Newfoundlands are known as "Gentle Giants"-and few Newfoundland fanciers live up to the reputation of our breed better than Ron Pemberton and Mary Dewey, who both passed away last year. Both set an example of what this sport is and should be about. They will be greatly missed.
In April 2002, the Newfoundland Club of America (NCA) awarded Ron Pemberton the prestigious Isabel Kurth Award for continuous service and dedication to the club and the breed. Ron was a perfect choice.Involved with Newfoundlands since 1966, Ron was a breeder who owned or bred several national specialty winners. Ron served as an NCA board member and chaired and served on many committees, including judges' education, illustrated guide, and national-specialty.
Most recently, Ron was responsible for the restoration of Edwin Landseer's painting A Distinguished Member of the Humane Society and handled the negotiations that brought it to the Philadelphia Art Museum, where it hangs today.
Ron's accomplishments included being a professional handler, AKC judge, author of a critically acclaimed book on judging the Newfoundland, and founder of the Michigan Dog Show Judges Association. The state legislature of Michigan even adopted a resolution in 2002 to recognize his many accomplishments.
In a 2002 interview, Ron expressed many of his opinions about our breed and the way in which it is and should be judged. Above all, he was concerned with expression. "Many judges single out good and bad qualities and overlook the 'forest,' which is expression. Too many Newfoundlands do not display this intelligence and soft expression. These qualities, along with temperament, are the soul of our breed." So were they also the soul of Ron Pemberton.
Mary Dewey learned to walk with her hand on the back of a Newfoundland. Born into a Newfoundland family, she began her show career at age 8. She later took over Dryad Kennels from her mother in 1973.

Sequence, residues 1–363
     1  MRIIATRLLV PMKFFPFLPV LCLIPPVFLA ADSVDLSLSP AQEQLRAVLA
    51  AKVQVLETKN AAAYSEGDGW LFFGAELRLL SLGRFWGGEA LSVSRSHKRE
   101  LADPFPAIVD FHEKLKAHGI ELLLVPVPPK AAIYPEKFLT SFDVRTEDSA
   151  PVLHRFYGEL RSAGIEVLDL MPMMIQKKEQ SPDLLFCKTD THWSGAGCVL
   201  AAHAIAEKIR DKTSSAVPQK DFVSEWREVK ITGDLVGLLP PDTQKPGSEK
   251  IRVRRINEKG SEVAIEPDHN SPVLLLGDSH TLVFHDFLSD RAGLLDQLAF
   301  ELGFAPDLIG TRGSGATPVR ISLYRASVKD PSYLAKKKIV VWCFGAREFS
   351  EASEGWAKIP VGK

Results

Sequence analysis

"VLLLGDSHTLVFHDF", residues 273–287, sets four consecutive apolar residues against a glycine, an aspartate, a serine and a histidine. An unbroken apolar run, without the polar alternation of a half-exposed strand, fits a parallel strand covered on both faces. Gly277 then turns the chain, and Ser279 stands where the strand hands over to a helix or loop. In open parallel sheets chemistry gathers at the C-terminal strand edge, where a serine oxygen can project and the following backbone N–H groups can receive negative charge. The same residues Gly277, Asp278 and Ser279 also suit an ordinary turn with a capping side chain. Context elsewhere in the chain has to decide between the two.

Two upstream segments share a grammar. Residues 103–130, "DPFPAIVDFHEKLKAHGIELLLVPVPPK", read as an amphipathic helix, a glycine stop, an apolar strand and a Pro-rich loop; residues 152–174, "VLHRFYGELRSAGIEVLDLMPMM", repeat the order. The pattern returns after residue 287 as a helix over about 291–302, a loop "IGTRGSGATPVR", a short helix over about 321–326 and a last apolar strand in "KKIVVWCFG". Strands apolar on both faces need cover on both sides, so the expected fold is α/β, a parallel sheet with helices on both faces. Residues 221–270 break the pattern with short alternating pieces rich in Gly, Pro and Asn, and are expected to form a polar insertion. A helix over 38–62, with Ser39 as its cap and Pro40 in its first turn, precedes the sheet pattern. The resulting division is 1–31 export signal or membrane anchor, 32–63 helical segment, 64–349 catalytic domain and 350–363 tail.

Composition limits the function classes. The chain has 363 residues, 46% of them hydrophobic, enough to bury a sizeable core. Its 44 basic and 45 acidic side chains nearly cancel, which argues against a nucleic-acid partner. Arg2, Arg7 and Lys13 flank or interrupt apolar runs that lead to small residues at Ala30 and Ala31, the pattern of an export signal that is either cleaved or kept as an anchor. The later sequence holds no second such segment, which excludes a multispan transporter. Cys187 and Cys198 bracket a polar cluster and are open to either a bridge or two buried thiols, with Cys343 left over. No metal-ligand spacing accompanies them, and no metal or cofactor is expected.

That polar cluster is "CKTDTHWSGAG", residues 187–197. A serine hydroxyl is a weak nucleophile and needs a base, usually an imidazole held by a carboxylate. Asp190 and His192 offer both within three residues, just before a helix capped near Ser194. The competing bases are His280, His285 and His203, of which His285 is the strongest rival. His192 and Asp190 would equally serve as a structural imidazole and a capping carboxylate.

Although she never had more than five dogs at one time, and rarely bred more than one or two litters a year, Mary's success in breeding and showing Newfoundlands was considerable. Dryad produced more than 40 champions, including three ROMs and two Versatile Newfoundlands. Her most notable dog was Ch. Dryads Flagship, ROM, a Best in Show dog. Mary also served on the NCA board of directors, was chair and a member of numerous committees, and co-chaired two national specialties.
But for all her success, Mary will perhaps be remembered most for her gentle and kind spirit that made her a natural to receive the NCA's coveted Good Sportsmanship Award in 2002. She was the consummate good sportsman in her many years of helping and mentoring Newfoundland owners. She was never too busy to help pet owners, and never too proud to give a sincere congratulations at the show ring.
What were Mary's priorities for the breed? A happy, healthy dog. "These dogs are pets first, and being a show dog is such a minor part of their lives. What makes a good pet is a healthy, happy dog." -MLR